As you have read this, you may notice that most of this preparation is in your own head. This goes back to my prior article that addresses surrender. This is the total willingness to do whatever it takes to overcome this addiction. I'm not into all the cliches we here, but " One Day at a Time" is the best advice. Just worry about staying sober TODAY. If that doesn't happen today, tomorrow doesn't matter. You can worry about tomorrow, tomorrow.
This is a huge undertaking, but not a painful one.This is an undertaking of results, not consequences. This is a two part disease. One is of obsession. Our minds tell us we want a drink; need a drink; crave a drink. More times than not, we give in to this uncontrollable urge. Then there is what I call the allergy. This is when we put one drink in us, we no longer control when we stop and can no longer predict what will happen when we do. Our task is to get sober. The hardest part is staying sober. You can get sober for a time on your own, maybe. But staying sober is virtually impossible to do on your own. You will learn that relapse happens long before the drink. You need people to recognize backslides that you may not be aware of. You need to replace drinking buddies with sober friends that will be there through bad and good times. You don't believe me? Quit drinking for awhile and see how many of those so called friends call, just to see how you are doing. You will have to stay away from places you have associated drinking with. If you like to shoot pool, there are plenty places to shoot pool. You may learn that shooting pool was only an excuse to go to the bar. We have a saying. " If you do what you always did, you'll get what you always got." It's true.
Trying to do this on your own is like one man trying to build the new World Trade Center by himself. An unbelievable task if not impossible. You need a blueprint, a plan. You need materials, which is your meetings, sessions or whatever you need. You need tools, which are the things you learn and apply toward your staying sober. And most of all, you need a crew. This is your support group. They will guide you based on their experience. Teach you, listen to you. Grow with you. I'm sorry, writers here in Hubpages or anywhere else. Telling someone they can do this totally on their own is snake oil. That's blowing smoke up someone's a--. When you are desperate and don't know what to do, you can only reach out like a person drowning in a pool. If no one is there because you are on your own, you will drown.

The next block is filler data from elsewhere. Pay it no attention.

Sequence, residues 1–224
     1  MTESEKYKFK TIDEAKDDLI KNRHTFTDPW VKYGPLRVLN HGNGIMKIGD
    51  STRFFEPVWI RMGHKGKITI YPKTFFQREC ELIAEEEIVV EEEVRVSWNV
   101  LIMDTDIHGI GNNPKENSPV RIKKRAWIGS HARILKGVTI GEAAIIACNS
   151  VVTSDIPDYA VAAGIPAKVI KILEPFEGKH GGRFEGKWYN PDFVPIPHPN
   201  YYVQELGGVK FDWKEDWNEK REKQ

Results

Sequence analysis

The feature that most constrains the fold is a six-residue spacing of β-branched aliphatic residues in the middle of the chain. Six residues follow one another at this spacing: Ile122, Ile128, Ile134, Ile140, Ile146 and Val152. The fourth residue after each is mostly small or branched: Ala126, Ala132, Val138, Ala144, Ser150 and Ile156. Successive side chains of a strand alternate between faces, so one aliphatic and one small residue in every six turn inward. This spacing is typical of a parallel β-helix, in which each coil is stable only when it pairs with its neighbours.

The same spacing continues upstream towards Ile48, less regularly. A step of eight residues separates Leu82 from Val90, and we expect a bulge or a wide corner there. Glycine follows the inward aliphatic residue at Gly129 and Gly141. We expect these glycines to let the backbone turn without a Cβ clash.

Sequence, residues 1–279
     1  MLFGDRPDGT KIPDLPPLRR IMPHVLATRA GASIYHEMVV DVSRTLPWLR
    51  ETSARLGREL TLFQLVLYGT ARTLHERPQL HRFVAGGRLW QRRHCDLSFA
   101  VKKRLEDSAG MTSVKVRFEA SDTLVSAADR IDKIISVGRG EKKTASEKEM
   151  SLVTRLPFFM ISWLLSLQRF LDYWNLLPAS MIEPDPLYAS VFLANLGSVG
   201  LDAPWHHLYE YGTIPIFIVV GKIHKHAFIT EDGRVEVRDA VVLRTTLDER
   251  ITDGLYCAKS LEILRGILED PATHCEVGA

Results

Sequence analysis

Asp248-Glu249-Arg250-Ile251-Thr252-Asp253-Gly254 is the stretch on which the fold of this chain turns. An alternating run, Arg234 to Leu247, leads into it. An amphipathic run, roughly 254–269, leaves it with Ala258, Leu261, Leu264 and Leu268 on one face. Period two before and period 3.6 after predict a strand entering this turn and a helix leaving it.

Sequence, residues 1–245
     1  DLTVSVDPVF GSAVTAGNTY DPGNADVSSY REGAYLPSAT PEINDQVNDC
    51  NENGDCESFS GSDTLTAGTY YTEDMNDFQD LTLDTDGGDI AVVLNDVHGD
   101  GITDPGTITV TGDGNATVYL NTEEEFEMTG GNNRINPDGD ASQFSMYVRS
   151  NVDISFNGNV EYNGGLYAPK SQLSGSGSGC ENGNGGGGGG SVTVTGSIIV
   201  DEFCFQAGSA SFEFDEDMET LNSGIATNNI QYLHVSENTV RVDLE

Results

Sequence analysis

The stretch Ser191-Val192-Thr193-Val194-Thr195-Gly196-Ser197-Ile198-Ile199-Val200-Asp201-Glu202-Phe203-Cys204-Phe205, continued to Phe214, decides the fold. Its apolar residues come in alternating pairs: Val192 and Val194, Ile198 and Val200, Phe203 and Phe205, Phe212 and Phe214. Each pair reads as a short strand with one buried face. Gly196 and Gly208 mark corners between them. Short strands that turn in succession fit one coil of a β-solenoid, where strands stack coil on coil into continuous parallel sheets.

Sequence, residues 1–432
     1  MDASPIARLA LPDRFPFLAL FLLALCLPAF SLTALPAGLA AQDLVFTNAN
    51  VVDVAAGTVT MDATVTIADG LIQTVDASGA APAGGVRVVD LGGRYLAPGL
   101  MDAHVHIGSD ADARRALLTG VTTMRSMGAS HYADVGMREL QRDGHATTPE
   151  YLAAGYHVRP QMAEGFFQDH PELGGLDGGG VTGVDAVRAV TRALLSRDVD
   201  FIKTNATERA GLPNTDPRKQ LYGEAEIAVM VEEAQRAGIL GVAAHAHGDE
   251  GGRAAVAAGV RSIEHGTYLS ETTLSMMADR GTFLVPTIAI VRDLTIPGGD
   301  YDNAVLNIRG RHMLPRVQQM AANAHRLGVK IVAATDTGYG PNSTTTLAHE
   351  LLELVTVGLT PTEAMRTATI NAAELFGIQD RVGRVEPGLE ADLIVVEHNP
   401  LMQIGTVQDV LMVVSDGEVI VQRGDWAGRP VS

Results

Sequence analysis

I do this to reach out and hopefully give direction to someone that has none. I don't care how many followers I get nor do I do this for money. If I would get just one comment someday that you took these first few steps and it seems to be making your life better, That's reward enough. See, reaching out to help another alcoholic helps me to stay sober. And it's far more rewarding than a suspended licence, a failed marriage or a lost job. I also have more friends and things to do than I know what to do with. I welcome those problems and I welcome you to what I have found. We can't regain the time we have lost, but we can make the most out of the time we have left.
You'll hear from me again soon. God Bless!